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How IndiGo is fighting the menace of fog

By Arindam Majumder
December 18, 2017 14:47 IST
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An integrated team of 200 staff crunches data to minimise disruption for 149 planes, but airport infrastructure poses a challenge

Things can be tricky for airlines operating out of the Seikh Ul Alam International Airport in Srinagar.

The weather can turn from bad to worse very quickly. Last Thursday was one such day.

While the weather department informed the airlines that visibility will improve later in the day, but till 11 AM things looked bleak.


For the country’s largest airline IndiGo, operating out of such gaps in information proves challenging. IndiGo didn’t wait.

It cancelled all its flights for the day and informed the passenger through call and SMS.

”We operate flights to eight destinations out of Srinagar, without proper information our passengers would have arrived at the airport which is not very big to handle such a rush, moreover if one of our aircraft is held up there, it delays other sectors as ours is a fully network carriers,” said Tarun Vijh, associate director at operations, control and dispatch unit of IndiGo.

To ensure that the airline can fly through minimal disruption, it has set up at centralised flight operation system in the Gurgaon-based head office from where the team controls everything from flight dispatch to scheduling and meteorology.

The team which comprises of around 200 staff crunches real time data to alert pilots and pass advisory to passengers at shortest possible time.

“Here we try to minimise the impact of weather-related disorders and maintain the punctuality of the fleet,” said Vijh, pointing at a screen which shows the weather forecast for all the 47 stations.

“We have set up our own meteorological alert system for accurate real-time data and forecasts even for places we don’t fly to,” says Vijh.

This helps the airline to divert aircraft to locations when the need arises.

According to him, it just takes around 30 minutes from the time the first weather disruption is reported to the passenger getting informed about it.

IndiGo is the largest airline in India with 149 aircraft and flying to 47 destinations.

Having a large fleet and operating out of Delhi has its demerits for IndiGo.

The fog that engulfs North India for almost 15 days in the months of December and January has its maximum impact on an airline like  IndiGo, which is based out of New Delhi and operates close to 1,000 flights daily.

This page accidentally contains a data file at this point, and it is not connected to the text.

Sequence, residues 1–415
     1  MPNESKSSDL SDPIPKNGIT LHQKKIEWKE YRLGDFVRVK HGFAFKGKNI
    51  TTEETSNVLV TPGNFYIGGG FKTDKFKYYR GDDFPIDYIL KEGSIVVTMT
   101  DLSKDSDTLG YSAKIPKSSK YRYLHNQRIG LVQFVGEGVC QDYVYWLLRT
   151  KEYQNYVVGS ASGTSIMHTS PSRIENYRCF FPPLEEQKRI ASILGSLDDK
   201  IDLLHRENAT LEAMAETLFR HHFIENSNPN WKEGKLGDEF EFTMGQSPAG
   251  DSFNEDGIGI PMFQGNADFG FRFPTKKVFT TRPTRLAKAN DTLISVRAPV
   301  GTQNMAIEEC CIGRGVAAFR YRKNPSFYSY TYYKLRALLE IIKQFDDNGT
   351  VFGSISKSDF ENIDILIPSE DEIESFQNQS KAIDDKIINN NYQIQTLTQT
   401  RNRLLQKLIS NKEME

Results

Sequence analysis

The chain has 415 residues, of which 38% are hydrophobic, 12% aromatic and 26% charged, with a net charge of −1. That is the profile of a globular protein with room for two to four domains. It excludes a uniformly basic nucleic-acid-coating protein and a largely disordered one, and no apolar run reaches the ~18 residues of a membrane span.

Delay or diversion of a single aircraft can throw the entire schedule of the day into jeopardy, resulting in more disruptions. Maintaining on time performance during winter is a challenge.

According to a senior executive of a low-cost carrier, in a market like India, punctuality is something airlines build their brand around.

For an average Indian flier, rather than the amenities inside the aircraft, it is the punctuality that matters.

He is not ready to shell out for comfort but will select an airline which he hears is disciplined.

The data the meteorologists crunch at OCC is passed on to the fuel monitoring cell, which sits on piles of data to be utilised for giving guidance to pilots.

“Basically, here we guide the pilot on load and trim, on how much fuel to carry, how much load to trim,” says Vijh.

The amount of fuel becomes significant during congestions at airports caused by fog.

Often the pilot does not receive permission to land and has to hover over the airport, and if necessary fly to alternate locations.

“We are also in constant touch with the pilot through Flight Following Cell text messages and short emails passing on real-time information to make decision-making easier,” Vijh says.

However, the airline’s exponential growth is facing a hurdle in underdeveloped airport infrastructure of the country.

Limited airports are CAT IIIb enabled. That means, most of the stations that IndiGo operate to are not compatible to operate an A320 when visibility drops below 50 metres.

“Look at Benagluru,our second largest hub and have more than 100 departures. It’s not CAT III enabled and operations get delayed frequently,” Vijh said.

Making the airport CAT III equipped is a costly affair and most airports operated by state-owned Airport Authority of India lags in this.

“I wish that many more airports in India were CAT 3 compliant, though we may have trained pilots and equipped airplanes, we will not be able to operate due to airport constraints,” IndiGo president Aditya Ghosh had said.

AAI which manages 125 airports in the country, said that it is now planning more airfields to be CAT III compliant.

“Lucknow and Jaipur has been upgraded to CAT III, By next winter we will have Amritsar and Kolkata enabled too, disruptions will be less,” said Guruprasad Mohapatra, chairman, AAI.

Photograph: Adnan Abidi/Reuters

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Arindam Majumder in New Delhi
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